Presentation is loading. Please wait.

Presentation is loading. Please wait.

Presented By: Kiran Kancharlapalli DBMS - Topics 11 & 12.

Similar presentations

Presentation on theme: "Presented By: Kiran Kancharlapalli DBMS - Topics 11 & 12."— Presentation transcript:

1 Presented By: Kiran Kancharlapalli DBMS - Topics 11 & 12

2 Semantic Interoperability

3 What is Semantic Interoperability? Ability of computer systems to transmit data with unambiguous, shared meaning Data must be made available between heterogeneous agents Metadata must also be made available allowing a software agent to learn how to interpret the data – Document Type Definition – XML-Schema – RDF Annotations Requirement to enable machine computable logic, inferring and knowledge discovery between information systems. Results in Semantic Web

4 How is it accomplished? By adding data about the data (metadata), linking each data element to a controlled, shared vocabulary The meaning of the data is transmitted with the data itself, in one self-describing "information package" that is independent of any information system Syntatic interoperability is a prerequisite for semantic interoperability – refers to the packaging and transmission mechanisms for data

5 What is Semantic Web? Will be able to provide justified answers to natural language questions – Current search engines provide lists of resources that are supposed to contain the answer Knowledge rather than plain data would be retrieved i.e. data which is relevant to the user’s task Social factors such as privacy and trust would also be taken into account

6 Benefits Search can often be frustrating because of the limitations of keyword-based matching techniques. – Users frequently experience one of two problems: either get back no results or too many irrelevant results. The problem is that words can be synonymous (that is, two words have the same meaning) or polysemous (a single word has multiple meanings). However, if the languages used to describe web pages were semantically interoperable, then the user could specify a query in the terminology that was most convenient, and be assured that the correct results were returned, regardless of how the data was expressed in the sources.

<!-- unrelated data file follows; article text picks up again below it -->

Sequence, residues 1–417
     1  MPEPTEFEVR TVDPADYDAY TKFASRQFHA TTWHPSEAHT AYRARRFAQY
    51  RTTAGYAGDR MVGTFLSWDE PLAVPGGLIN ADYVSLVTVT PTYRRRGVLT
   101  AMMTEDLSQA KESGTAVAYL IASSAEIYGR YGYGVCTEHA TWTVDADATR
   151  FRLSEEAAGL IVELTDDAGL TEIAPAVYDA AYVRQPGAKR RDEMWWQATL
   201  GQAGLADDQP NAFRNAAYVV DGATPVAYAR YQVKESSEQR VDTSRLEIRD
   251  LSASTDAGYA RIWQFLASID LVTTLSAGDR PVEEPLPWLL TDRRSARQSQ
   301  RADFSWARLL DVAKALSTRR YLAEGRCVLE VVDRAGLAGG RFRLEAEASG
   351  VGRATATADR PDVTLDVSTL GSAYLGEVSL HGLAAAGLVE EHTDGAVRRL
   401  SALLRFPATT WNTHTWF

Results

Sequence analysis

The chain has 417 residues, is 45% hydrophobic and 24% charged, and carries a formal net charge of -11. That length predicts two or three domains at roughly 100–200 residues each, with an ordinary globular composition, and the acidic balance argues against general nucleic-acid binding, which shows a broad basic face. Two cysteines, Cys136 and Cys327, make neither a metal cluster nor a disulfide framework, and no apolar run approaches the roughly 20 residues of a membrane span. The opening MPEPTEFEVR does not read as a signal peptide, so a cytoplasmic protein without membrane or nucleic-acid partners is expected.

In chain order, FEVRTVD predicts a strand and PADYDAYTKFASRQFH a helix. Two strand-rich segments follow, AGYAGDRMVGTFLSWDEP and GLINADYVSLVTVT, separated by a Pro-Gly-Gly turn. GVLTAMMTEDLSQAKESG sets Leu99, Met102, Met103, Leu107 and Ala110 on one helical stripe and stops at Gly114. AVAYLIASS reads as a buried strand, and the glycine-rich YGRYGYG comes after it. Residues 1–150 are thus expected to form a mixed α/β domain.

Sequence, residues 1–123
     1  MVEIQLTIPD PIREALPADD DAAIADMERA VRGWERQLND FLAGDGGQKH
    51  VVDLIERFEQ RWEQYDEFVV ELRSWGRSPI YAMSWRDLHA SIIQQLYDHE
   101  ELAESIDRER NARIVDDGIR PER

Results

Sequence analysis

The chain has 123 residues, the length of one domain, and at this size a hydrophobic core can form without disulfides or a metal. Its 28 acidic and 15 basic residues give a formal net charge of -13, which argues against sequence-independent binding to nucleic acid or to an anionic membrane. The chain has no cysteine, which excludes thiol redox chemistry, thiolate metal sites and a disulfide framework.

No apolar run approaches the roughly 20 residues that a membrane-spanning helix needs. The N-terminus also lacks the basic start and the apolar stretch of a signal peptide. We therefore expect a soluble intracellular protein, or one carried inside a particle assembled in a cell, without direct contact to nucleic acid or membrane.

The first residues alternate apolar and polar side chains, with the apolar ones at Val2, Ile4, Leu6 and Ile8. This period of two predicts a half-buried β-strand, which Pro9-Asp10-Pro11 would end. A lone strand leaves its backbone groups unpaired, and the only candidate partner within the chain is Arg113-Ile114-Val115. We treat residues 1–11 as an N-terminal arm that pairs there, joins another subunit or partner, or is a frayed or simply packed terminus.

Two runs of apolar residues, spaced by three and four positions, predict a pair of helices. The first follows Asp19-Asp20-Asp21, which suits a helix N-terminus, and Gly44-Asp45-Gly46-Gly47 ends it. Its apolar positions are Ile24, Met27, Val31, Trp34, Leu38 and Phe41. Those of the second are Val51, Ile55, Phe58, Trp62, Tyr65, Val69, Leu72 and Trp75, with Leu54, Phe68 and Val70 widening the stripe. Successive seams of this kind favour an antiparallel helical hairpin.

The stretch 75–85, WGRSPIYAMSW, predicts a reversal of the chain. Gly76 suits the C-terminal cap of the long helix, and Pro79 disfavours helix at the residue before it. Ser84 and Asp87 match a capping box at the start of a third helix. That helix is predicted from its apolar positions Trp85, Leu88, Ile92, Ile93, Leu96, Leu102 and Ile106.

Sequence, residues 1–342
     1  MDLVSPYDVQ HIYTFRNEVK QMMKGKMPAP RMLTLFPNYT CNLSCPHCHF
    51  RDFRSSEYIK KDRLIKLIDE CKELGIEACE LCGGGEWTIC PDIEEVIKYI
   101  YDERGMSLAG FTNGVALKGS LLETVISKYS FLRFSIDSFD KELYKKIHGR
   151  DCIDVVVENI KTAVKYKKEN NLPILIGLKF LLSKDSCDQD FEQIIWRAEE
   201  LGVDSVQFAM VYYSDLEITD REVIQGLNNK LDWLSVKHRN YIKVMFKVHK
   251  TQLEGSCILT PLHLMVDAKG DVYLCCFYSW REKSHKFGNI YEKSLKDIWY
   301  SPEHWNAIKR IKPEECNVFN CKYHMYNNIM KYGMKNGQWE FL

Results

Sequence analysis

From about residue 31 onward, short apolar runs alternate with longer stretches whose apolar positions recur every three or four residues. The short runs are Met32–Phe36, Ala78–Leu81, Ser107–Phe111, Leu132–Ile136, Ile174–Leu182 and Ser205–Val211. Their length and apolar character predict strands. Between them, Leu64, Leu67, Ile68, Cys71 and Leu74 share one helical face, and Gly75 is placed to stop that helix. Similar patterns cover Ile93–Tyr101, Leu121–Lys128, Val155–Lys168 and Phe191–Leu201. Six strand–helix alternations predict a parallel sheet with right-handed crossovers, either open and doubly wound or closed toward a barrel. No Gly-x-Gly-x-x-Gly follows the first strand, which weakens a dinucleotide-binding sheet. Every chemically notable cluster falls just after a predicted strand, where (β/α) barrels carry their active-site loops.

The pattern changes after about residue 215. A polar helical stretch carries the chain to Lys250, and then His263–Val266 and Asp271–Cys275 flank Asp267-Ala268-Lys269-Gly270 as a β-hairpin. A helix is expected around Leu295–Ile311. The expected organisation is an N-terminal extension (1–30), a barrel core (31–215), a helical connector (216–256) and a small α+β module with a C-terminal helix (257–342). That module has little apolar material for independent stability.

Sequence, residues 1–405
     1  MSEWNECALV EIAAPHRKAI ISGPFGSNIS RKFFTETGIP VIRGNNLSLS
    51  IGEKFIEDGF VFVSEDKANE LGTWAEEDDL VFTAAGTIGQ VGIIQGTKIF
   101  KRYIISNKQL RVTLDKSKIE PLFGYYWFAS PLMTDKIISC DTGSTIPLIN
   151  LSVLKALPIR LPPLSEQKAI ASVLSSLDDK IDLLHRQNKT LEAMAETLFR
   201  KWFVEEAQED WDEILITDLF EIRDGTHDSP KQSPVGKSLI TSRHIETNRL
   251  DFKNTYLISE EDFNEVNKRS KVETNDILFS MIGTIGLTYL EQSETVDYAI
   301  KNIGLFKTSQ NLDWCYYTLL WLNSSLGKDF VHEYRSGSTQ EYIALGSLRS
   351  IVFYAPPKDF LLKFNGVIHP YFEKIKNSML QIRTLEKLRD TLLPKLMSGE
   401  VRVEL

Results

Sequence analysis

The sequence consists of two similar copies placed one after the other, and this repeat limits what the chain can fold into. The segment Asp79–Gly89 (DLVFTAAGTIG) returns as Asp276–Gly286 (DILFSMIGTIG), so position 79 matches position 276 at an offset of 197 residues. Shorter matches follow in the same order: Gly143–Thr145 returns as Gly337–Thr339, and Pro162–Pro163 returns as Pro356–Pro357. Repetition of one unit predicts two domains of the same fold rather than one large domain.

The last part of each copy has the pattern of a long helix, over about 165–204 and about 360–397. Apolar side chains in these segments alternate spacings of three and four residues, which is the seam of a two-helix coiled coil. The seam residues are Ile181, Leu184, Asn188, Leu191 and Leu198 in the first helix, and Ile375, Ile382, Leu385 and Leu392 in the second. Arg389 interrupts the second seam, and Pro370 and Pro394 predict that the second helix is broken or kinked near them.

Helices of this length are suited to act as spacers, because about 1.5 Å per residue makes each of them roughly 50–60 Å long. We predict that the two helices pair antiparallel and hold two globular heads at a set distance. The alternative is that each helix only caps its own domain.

7 Ontologies

8 What are Ontologies? Content theories possible about objects in a specified domain A representation vocabulary, specialized to some domain or subject matter Provide potential terms for describing knowledge about the domain Translating the terms in an ontology from, say English to French, does not change the ontology conceptually

9 What are Ontologies? Designed to reuse across multiple applications and implementations

10 Motivation select EMPDAT from PERSTAB where POS=“mgmnt” – What does it mean? – PERSTAB is a table which lists employee data What’s an employee? How is an employee different from a contractor? What if I want data on both? Even if this information is available in English, a human has to read it

11 Motivation (cntd…) "Parenthood is a more general relationship than motherhood." "Mary is the mother of Bill." "Who are Bill's parents?“ "Mary is the parent of Bill.” – that fact is not stated anywhere, but can be derived by a DAML application.

12 More formally stated, given the statements (motherOf subProperty parentOf) (Mary motherOf Bill) when stated in DAML, allows you to conclude (Mary parentOf Bill) Java code or a stored procedure could do this sort of inference for facts in XML or SQL But the DAML spec itself says the conclusion is true In contrast, different Java code could reach a different conclusion

13 Everything is not a nail Ontology is not always the right tool for the job Face recognition, vehicle control systems etc – not the right applications for ontology